Monday, September 25, 2006


There is a proposal to be discussed at today's council meeting to allow "accessory dwelling units" in the zoning code. These would be either attached apartments or small units on the lot of a single family residential unit (R1, R2, R3, C1, or C2). There are several good reasons to allow ADUs. ADUs allow families to take care of elderly relatives, or they allow people to take in a renter to help them stay in their house as property taxes climb. They could also create a stock of lower priced rentals which we clearly need-- people who work in the city frequently can't afford to live here.

The trick is to create these units without just creating more expensive vacation rentals. The city is considering a range of alternatives from requiring proof of full time residency and a long term lease for an ADU permit to requiring proof of local employment.

There are several side issues such as parking, building size, and compatibility. I'll be happy to fill you in on the details, but I'd like to talk about a different aspect of the discussion. A developer rose to speak on the issue at the last council meeting. He suggested that with too many restrictions there will be few if any ADUs, and that if the Council instead passed an unrestricted ADU ordinance the market would work it out.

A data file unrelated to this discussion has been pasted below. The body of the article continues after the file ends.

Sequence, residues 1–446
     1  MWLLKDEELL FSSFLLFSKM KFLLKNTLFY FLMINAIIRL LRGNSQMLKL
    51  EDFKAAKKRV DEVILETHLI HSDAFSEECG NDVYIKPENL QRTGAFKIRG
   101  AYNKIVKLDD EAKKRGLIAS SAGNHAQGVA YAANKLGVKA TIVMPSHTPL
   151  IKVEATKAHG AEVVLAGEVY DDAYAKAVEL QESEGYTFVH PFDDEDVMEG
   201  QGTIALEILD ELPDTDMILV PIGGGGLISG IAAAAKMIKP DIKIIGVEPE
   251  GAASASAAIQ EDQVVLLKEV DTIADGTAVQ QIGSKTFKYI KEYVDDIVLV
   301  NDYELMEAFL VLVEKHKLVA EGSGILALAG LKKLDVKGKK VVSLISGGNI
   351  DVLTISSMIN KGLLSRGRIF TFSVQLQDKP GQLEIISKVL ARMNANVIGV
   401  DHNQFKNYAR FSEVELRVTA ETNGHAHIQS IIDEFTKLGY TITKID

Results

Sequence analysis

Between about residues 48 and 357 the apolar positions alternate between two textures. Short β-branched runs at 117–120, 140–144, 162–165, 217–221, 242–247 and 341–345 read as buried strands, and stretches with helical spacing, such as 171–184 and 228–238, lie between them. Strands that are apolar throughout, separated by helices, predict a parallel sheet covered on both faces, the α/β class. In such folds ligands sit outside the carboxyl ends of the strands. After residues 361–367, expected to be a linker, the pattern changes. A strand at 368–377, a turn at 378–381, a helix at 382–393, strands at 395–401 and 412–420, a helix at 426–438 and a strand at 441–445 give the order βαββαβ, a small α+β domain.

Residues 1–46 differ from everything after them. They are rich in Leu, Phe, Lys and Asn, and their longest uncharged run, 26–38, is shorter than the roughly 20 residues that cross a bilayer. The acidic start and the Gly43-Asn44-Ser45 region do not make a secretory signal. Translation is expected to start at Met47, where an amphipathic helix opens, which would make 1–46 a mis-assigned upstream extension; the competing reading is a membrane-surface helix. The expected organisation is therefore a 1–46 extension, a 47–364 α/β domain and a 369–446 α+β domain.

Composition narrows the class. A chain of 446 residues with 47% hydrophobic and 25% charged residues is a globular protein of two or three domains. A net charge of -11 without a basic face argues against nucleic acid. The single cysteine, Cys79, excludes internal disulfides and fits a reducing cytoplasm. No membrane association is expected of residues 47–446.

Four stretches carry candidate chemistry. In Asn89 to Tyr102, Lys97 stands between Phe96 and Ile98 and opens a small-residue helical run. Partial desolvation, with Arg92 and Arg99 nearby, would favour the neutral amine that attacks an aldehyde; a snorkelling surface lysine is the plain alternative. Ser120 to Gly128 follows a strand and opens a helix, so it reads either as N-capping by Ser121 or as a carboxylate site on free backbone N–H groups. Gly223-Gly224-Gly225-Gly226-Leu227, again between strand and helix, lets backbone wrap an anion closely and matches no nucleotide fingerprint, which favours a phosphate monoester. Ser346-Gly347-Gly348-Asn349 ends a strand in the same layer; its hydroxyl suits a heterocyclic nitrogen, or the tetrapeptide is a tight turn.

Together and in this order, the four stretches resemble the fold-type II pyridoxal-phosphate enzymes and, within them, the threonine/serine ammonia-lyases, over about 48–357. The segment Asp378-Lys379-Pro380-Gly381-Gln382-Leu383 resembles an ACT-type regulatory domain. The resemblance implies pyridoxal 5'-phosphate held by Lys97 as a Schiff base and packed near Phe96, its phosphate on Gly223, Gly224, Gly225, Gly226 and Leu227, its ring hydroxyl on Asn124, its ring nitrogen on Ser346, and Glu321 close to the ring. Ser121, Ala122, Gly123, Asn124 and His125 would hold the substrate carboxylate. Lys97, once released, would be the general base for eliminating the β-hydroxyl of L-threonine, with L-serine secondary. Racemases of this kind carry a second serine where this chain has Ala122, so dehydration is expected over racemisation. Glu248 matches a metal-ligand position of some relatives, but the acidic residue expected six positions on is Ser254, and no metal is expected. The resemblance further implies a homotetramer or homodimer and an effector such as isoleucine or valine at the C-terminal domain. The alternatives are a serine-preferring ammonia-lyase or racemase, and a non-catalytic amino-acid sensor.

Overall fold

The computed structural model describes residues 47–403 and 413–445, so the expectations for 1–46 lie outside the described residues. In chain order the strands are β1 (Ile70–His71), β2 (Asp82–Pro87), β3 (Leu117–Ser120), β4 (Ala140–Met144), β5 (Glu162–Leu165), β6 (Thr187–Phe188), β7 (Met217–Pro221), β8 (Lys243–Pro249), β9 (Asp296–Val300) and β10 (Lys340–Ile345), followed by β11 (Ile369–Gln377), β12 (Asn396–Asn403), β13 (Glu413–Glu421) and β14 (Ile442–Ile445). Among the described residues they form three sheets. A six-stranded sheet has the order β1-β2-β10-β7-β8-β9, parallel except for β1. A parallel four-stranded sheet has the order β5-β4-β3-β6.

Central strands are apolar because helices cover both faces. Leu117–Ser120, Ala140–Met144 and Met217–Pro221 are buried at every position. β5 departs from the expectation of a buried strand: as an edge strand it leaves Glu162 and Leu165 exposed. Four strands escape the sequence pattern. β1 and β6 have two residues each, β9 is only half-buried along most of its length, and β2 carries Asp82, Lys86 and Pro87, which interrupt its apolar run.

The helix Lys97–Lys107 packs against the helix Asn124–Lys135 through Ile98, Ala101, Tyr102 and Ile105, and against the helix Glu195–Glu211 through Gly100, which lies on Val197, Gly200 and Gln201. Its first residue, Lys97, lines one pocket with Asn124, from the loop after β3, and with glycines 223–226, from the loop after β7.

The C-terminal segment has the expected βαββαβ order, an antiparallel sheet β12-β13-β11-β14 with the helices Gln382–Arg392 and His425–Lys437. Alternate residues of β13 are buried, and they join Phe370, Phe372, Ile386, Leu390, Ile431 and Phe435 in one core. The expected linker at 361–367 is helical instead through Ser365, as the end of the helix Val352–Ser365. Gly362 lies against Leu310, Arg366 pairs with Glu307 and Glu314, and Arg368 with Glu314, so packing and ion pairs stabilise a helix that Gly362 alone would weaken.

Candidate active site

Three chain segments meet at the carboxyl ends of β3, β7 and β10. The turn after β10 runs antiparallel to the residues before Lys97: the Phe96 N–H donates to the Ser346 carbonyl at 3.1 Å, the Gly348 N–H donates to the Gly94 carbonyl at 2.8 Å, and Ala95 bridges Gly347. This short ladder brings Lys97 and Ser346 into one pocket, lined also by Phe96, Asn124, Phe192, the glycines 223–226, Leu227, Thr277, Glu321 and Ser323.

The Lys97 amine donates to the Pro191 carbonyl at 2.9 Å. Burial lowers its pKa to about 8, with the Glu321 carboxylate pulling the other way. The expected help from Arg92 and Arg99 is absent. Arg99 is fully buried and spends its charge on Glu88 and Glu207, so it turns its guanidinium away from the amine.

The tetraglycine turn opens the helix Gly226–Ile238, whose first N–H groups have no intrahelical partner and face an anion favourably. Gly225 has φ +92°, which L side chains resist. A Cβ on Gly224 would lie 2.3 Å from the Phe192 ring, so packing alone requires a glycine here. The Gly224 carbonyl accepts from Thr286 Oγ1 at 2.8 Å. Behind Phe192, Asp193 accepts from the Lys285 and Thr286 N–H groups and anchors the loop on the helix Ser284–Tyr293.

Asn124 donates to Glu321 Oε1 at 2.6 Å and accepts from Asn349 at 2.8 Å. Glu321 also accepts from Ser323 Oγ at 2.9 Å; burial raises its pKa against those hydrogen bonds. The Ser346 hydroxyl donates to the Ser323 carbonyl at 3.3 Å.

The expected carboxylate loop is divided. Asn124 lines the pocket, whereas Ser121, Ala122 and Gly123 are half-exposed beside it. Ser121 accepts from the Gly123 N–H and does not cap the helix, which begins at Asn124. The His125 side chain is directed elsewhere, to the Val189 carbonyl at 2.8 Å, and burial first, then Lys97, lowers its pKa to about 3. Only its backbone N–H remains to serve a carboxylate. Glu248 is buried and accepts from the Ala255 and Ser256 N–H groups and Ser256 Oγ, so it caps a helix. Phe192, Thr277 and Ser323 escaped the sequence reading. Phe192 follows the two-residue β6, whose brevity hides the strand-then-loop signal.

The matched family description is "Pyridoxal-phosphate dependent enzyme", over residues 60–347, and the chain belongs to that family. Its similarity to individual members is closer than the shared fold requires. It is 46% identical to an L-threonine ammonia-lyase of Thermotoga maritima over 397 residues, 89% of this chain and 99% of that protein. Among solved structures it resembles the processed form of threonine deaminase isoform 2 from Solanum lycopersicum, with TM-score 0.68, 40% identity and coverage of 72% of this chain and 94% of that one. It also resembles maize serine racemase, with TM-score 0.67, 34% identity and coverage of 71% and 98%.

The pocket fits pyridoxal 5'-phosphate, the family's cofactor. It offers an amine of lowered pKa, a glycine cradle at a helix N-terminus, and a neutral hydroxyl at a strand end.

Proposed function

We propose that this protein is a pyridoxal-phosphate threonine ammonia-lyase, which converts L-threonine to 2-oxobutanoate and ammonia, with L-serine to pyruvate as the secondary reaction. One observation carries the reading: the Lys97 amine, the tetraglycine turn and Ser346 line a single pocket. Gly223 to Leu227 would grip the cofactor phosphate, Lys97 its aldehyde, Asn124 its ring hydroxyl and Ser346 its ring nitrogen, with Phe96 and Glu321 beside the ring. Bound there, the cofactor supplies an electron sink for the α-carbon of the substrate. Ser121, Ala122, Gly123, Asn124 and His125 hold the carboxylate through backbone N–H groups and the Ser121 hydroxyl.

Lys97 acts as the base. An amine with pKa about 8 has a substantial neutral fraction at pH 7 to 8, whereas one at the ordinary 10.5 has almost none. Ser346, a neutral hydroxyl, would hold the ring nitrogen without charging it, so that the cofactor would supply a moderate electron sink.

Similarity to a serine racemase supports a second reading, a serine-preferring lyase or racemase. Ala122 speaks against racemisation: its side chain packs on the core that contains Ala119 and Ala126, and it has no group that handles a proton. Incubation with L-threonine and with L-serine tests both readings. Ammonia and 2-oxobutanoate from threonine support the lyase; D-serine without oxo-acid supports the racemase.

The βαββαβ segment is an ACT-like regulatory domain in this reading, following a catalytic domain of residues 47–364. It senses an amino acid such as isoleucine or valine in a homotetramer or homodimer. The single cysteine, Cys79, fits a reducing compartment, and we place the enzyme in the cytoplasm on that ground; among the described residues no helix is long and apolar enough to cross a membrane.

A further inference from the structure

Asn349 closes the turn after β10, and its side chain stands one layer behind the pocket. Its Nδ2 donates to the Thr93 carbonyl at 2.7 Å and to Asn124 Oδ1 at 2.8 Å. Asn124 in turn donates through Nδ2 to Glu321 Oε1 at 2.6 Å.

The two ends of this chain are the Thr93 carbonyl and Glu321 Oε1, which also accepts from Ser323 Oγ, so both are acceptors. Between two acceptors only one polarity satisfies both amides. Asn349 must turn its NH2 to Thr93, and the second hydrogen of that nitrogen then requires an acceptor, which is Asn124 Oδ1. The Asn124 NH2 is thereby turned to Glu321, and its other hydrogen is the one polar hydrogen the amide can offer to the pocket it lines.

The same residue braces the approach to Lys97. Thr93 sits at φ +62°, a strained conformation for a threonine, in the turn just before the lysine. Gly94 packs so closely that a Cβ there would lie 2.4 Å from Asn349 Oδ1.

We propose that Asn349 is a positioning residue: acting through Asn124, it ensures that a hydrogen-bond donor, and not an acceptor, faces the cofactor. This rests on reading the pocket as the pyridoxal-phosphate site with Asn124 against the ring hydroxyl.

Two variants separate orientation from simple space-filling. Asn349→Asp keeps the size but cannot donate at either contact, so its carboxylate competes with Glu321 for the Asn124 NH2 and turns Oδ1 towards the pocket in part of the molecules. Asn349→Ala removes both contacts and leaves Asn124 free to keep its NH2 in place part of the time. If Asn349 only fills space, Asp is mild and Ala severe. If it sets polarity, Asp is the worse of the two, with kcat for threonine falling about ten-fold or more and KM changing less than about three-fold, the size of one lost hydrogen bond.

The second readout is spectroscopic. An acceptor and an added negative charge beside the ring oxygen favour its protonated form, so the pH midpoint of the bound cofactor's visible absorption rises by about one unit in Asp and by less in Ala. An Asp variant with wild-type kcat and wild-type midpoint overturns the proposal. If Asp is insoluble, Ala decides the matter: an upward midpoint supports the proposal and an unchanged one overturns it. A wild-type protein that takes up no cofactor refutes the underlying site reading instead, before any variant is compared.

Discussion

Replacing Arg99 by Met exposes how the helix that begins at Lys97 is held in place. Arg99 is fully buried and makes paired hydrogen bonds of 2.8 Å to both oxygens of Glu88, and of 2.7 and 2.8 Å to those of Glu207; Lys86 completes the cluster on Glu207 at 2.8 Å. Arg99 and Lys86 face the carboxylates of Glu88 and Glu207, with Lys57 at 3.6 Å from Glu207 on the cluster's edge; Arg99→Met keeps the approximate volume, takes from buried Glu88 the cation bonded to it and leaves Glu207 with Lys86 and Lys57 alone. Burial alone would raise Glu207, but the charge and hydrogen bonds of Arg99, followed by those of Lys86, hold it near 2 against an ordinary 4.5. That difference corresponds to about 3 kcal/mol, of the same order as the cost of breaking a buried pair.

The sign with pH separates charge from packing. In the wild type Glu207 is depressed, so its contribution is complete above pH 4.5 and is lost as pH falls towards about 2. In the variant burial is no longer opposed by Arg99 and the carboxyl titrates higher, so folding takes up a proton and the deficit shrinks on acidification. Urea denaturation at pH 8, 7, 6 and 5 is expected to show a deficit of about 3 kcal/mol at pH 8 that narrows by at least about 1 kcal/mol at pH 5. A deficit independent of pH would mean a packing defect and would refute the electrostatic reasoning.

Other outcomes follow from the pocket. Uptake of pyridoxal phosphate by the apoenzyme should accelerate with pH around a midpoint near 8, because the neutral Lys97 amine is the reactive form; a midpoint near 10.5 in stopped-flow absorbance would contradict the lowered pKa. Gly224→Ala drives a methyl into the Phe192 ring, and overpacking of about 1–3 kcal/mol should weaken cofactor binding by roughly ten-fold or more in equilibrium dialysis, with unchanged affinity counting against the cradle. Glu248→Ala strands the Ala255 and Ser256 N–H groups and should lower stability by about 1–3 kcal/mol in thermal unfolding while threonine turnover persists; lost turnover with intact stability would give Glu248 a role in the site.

He was probably stretching his point a bit, but you can argue that in a pure free market there should be no zoning. I like free markets, but this is one area where they can fail us. I'm a strong believer in zoning and land use planning rules. If done fairly, they can increase the value of all real estate in the city. You can compare neighborhoods in Hood River, with relatively strong zoning and land use rules, to neighborhoods in Bingen, with relatively weak rules. I know I prefer my neighborhood in Hood River.

I think most of us can agree on some of the broad goals we would like to achieve through zoning: safe neighborhoods with convenient shopping and a healthy commercial and industrial sector to provide employment. Without a set of reasonable rules about what can be built where you are likely to get a complete mess. But the more subtle questions are where there is some controversy.